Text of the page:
Clark: "Well, we're here!"
  • Irony: At the beginning of the film, Clark says that the reason he doesn't want to fly is because when you're on a plane, you can put headphones on and be in your own world, and thus not truly spending time with your family. When Clark and Ellen start (badly) singing various songs, Rusty and Audrey put on headphones in the backseat.
  • Jerkass: Aunt Edna who complains every single chance she gets as she travels with the family. Thankfully she dies along the way.
  • Kafka Komedy: Clark's good intentions all lead to a never-ending streak of humiliating moments.
  • Leg Cling: The original movie poster and home video covers, being a parody of classic Frank Frazetta Conan the Barbarian illustrations (in fact, they were designed by Frazetta's fellow Conan illustrator Boris Vallejo).
  • Lingerie Scene: Christie Brinkley has one.
  • Lighter and Softer: Than the original National Lampoon story by Hughes, which among other differences ended with Clark purchasing a real gun, hunting down the actual Walt Disney to his California home, and shooting him in the leg as a result of finding the amusement park closed and thus ending up going to jail while the rest of the family fly home, trying their damnedest to forget this whole mess ever happened. Needless to say, the original tale was a mite more nihilistic.
  • Magical Computer: Clark plans out the trip on one. While the car avatar runs through the planned route, Rusty gets bored, picks up a joystick, and makes a Pac-Man kind of thing try to eat it. Clark takes evasive maneuvers with the car avatar. Audrey then defends the car from Rusty's attack by controlling some space alien shooter thing with another joystick.
  • Massive Numbered Siblings: Roy mentions he has seven children.
  • Mommy Mobile: The Wagon Queen Family Truckster, a symbol of everything ugly and hideous about American station wagons in the '70s and early '80s. Even discounting its mechanical problems, it symbolized Clark's status as a dull, boring suburban dad.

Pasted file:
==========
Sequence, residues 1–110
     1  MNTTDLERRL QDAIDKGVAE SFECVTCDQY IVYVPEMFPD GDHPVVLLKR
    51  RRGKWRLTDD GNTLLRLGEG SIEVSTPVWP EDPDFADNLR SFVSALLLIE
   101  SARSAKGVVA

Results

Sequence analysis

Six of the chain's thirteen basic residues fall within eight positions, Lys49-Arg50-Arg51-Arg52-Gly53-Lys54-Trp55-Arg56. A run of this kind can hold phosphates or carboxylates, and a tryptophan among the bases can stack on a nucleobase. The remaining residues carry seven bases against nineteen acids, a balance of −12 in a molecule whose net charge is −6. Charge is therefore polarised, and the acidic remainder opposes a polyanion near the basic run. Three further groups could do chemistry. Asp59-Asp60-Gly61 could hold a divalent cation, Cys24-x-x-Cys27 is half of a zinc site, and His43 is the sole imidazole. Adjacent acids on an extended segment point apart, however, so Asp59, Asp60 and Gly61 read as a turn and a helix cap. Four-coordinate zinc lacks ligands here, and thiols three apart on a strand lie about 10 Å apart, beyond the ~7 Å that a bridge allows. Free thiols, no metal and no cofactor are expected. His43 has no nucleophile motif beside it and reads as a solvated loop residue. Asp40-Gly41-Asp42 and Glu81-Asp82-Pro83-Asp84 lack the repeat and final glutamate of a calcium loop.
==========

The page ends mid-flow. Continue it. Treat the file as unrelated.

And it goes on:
• Mocky Mouse: Walley World being based on Disneyland, the mascot Marty Moose serves as a counterpart to Mickey Mouse.
  • The Mountains of Illinois: The Griswolds visit relatives in Coolidge, Kansas, with mountains visible in some shots. While Coolidge is about 10 miles from the Colorado state line, you can't see mountains until you're about 100 to 125 miles inside Colorado at best. Most of eastern Colorado is about as flat and empty as you'll ever see.
    • Also noticeable at the very beginning when they go to the car dealership in "Chicago." Some palm trees and distant mountains are visible in the background.
  • Mr. Alt Disney: Roy Walley, being the founder of Walley World, is a stand-in for Walt Disney.
  • Ms. Fanservice: Christie Brinkley.
    • Beverly D'Angelo too, who even does get naked!
  • Nausea Dissonance: After the Griswolds discover their dog had peed on their sandwiches, everyone starts spitting their sandwich out except Aunt Edna, who just keeps eating.
  • Negative Continuity: The film series is built on this. Nothing that ever happens in previous films affects the later ones. Ever. And the films feel free to contradict each other. Rule of Funny is in full play.
  • Not Allowed to Grow Up: The Griswold children, at least until the 2015 relaunch. This makes Clark's line in the first film about how he'll wake up one day and they'll be grown up pretty funny.
    • Rusty actually gets younger in Christmas Vaction and both Audrey and Rusty are adults in Vegas Vacation but under 21. And adult Audrey does appear in the TV spinoff Cousin Eddie’s Island played by the original actress.
  • Oddball in the Series: It's the only Chevy Chase Vacation film that's rated R.
  • Parental Incest: Cousin Eddie and his daughter Vicki, according to her.
    Vicki: I'm going steady, and I French kiss.
    Audrey: So? Everybody does that.
    Vicki: Yeah, but Daddy says I'm the best at it.
  • Parodies of Fire: The Chariots of Fire theme starts up as the family runs towards Walley World.
  • Pelvic Thrust: Christie Brinkley does a few of these when she dances at the rest stop.
  • Photo Montage:
    • The opening credits are played over a montage of vintage postcards showing various cities, towns, and unique tourist traps across the United States.
    • The end credits are played over a montage of pictures taken during the trip. The last one shows the Griswolds on a plane heading back to Chicago.